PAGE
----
RFC 9304 LISP Packet Type Allocations October 2022
Boucadair & Jacquenet Standards Track [Page]
Internet Engineering Task Force (IETF)
Standards Track
M. Boucadair
C. Jacquenet

RFC 9304

Locator/ID Separation Protocol (LISP): Shared Extension Message and IANA Registry for Packet Type Allocations


This document specifies a Locator/ID Separation Protocol (LISP) shared message type for defining future extensions and conducting experiments without consuming a LISP Packet Type codepoint for each extension.

This document obsoletes RFC 8113.

Status of This Memo

This is an Internet Standards Track document.

This document is a product of the Internet Engineering Task Force (IETF). It represents the consensus of the IETF community. It has received public review and has been approved for publication by the Internet Engineering Steering Group (IESG). Further information on Internet Standards is available in Section 2 of RFC 7841.

Information about the current status of this document, any errata, and how to provide feedback on it may be obtained at https://www.rfc-editor.org/info/rfc9304.

Table of Contents

1. Introduction

The Locator/ID Separation Protocol (LISP) base specification, [RFC9301], defines a set of primitives that are identified with a packet type code. Several extensions have been proposed to add more LISP functionalities. It is expected that additional LISP extensions will be proposed in the future.

The "LISP Packet Types" IANA registry (see Section 5) is used to ease the tracking of LISP message types.

Because of the limited type space [RFC9301] and the need to conduct experiments to assess new LISP extensions, this document specifies a shared LISP extension message type and describes a procedure for registering LISP shared extension sub-types (see Section 3). Concretely, one single LISP message type code is dedicated to future LISP extensions; sub-types are used to uniquely identify a given LISP extension making use of the shared LISP extension message type. These identifiers are selected by the author(s) of the corresponding LISP specification that introduces a new LISP extension message type.

2. Requirements Language

The key words "MUST", "MUST NOT", "REQUIRED", "SHALL", "SHALL NOT", "SHOULD", "SHOULD NOT", "RECOMMENDED", "NOT RECOMMENDED", "MAY", and "OPTIONAL" in this document are to be interpreted as described in BCP 14 [RFC2119] [RFC8174] when, and only when, they appear in all capitals, as shown here.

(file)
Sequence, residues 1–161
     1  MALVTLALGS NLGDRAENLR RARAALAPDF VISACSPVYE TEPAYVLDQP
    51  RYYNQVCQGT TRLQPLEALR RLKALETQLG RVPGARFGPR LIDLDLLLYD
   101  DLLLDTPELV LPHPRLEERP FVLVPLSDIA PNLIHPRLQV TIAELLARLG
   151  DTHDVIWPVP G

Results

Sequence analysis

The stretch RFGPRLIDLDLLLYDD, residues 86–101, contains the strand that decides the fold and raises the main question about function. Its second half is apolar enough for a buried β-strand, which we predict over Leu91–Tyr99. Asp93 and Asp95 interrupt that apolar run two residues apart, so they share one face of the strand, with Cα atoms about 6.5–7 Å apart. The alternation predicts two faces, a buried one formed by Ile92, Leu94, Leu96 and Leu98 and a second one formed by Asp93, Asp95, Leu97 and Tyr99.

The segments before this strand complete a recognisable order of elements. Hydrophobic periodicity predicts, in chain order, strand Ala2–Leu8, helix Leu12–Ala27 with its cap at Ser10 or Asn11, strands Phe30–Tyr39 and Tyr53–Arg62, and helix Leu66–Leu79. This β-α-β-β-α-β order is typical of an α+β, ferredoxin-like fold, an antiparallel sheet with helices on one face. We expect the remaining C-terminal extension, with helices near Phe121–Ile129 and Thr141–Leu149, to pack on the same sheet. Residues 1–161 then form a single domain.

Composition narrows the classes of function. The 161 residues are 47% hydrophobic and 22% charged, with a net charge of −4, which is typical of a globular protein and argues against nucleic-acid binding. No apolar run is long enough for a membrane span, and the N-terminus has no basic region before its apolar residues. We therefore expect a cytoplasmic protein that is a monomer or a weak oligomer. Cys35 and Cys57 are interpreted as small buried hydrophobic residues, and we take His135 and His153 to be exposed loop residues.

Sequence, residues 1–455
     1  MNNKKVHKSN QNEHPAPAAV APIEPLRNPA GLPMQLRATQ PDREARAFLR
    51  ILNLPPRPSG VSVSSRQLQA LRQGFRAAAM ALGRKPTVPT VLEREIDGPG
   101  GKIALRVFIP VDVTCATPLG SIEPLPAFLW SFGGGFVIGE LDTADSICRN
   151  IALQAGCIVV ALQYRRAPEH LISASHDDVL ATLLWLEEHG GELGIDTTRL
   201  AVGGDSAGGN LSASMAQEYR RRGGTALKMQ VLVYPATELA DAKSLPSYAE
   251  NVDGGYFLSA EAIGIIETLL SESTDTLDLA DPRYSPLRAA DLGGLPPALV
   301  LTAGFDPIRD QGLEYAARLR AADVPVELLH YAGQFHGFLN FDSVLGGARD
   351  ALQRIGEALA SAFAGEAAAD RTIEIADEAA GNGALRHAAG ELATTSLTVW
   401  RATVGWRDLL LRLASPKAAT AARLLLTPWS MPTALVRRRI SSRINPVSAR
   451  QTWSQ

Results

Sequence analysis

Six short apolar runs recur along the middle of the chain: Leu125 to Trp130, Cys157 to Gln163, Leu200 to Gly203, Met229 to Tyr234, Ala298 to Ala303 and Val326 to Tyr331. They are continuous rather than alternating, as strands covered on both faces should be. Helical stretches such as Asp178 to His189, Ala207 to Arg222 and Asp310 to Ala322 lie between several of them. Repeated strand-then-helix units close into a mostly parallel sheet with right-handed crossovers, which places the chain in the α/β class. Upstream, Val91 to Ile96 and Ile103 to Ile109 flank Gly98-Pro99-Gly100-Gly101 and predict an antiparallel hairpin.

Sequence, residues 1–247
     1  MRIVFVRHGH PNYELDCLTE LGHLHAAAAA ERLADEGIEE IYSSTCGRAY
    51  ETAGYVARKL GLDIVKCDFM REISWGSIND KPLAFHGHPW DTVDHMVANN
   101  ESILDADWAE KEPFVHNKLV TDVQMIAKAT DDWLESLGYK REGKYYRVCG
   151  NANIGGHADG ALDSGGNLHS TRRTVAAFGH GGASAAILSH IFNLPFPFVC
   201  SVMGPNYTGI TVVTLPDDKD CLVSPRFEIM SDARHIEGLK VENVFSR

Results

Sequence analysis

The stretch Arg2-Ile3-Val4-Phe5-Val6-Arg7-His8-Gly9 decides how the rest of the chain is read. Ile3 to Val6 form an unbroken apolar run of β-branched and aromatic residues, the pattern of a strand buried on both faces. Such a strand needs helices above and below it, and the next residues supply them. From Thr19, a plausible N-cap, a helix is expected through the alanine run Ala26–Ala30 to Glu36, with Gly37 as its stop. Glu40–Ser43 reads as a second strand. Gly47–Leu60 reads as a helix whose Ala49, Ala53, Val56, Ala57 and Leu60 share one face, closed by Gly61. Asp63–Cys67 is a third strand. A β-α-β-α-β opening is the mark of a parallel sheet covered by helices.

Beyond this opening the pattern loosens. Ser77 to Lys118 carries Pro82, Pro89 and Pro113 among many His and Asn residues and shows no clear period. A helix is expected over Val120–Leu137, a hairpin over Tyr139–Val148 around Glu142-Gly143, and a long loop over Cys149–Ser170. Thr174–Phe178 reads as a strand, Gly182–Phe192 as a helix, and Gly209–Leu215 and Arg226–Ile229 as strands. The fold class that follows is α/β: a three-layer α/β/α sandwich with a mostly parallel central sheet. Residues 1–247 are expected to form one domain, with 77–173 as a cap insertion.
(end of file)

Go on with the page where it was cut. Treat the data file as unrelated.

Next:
3. LISP Shared Extension Message Type

Figure 1 depicts the common format of the LISP shared extension message. The type field MUST be set to 15 (see Section 5).

 0                   1                   2                   3
 0 1 2 3 4 5 6 7 8 9 0 1 2 3 4 5 6 7 8 9 0 1 2 3 4 5 6 7 8 9 0 1
|Type=15|        Sub-type       |   extension-specific          |
//                    extension-specific                       //
//                                                             //
Figure 1: LISP Shared Extension Message Type

The 'Sub-type' field conveys a unique identifier that MUST be registered with IANA (see Section 5.2).

The exact structure of the 'extension-specific' portion of the message is specified in the corresponding specification document.

4. Security Considerations

This document does not introduce any additional security issues other than those discussed in [RFC9301].

5. IANA Considerations

5.1. LISP Packet Types

IANA has created a registry titled "LISP Packet Types", numbered 0-15.

Values can be assigned via Standards Action [RFC8126]. Documents that request for a new LISP Packet Type may indicate a preferred value in the corresponding IANA sections.

IANA has replaced the reference to RFC 8113 with the RFC number of this document.

Also, IANA has updated the table as follows:


Table 1
Message Code Reference
LISP Shared Extension Message 15 [RFC8113]


Table 2
Message Code Reference
LISP Shared Extension Message 15 RFC 9304

5.2. Sub-Types

IANA has created the "LISP Shared Extension Message Type Sub-types" registry. IANA has updated that registry by replacing the reference to RFC 8113 with the RFC number of this document.

The values in the range 0-1023 are assigned via Standards Action. This range is provisioned to anticipate, in particular, the exhaustion of the LISP Packet Types.

The values in the range 1024-4095 are assigned on a First Come, First Served (FCFS) basis. The registration procedure is to provide IANA with the desired codepoint and a point of contact; providing a short description (together with an acronym, if relevant) of the foreseen usage of the extension message is also encouraged.

6. Changes from RFC 8113

The following changes were made from RFC 8113:

7. Normative References

Bradner, S., "Key words for use in RFCs to Indicate Requirement Levels", BCP 14, RFC 2119, DOI 10.17487/RFC2119, , <https://www.rfc-editor.org/info/rfc2119>.
Cotton, M., Leiba, B., and T. Narten, "Guidelines for Writing an IANA Considerations Section in RFCs", BCP 26, RFC 8126, DOI 10.17487/RFC8126, , <https://www.rfc-editor.org/info/rfc8126>.
Leiba, B., "Ambiguity of Uppercase vs Lowercase in RFC 2119 Key Words", BCP 14, RFC 8174, DOI 10.17487/RFC8174, , <https://www.rfc-editor.org/info/rfc8174>.
Farinacci, D., Maino, F., Fuller, V., and A. Cabellos, Ed., "Locator/ID Separation Protocol (LISP) Control Plane", RFC 9301, DOI 10.17487/RFC9301, , <https://www.rfc-editor.org/info/rfc9301>.


This work is partly funded by ANR LISP-Lab project #ANR-13-INFR-009-X.

Many thanks to Luigi Iannone, Dino Farinacci, and Alvaro Retana for the review.

Thanks to Geoff Huston, Brian Carpenter, Barry Leiba, and Suresh Krishnan for the review.

Authors' Addresses

Mohamed Boucadair
35000 Rennes
Christian Jacquenet
35000 Rennes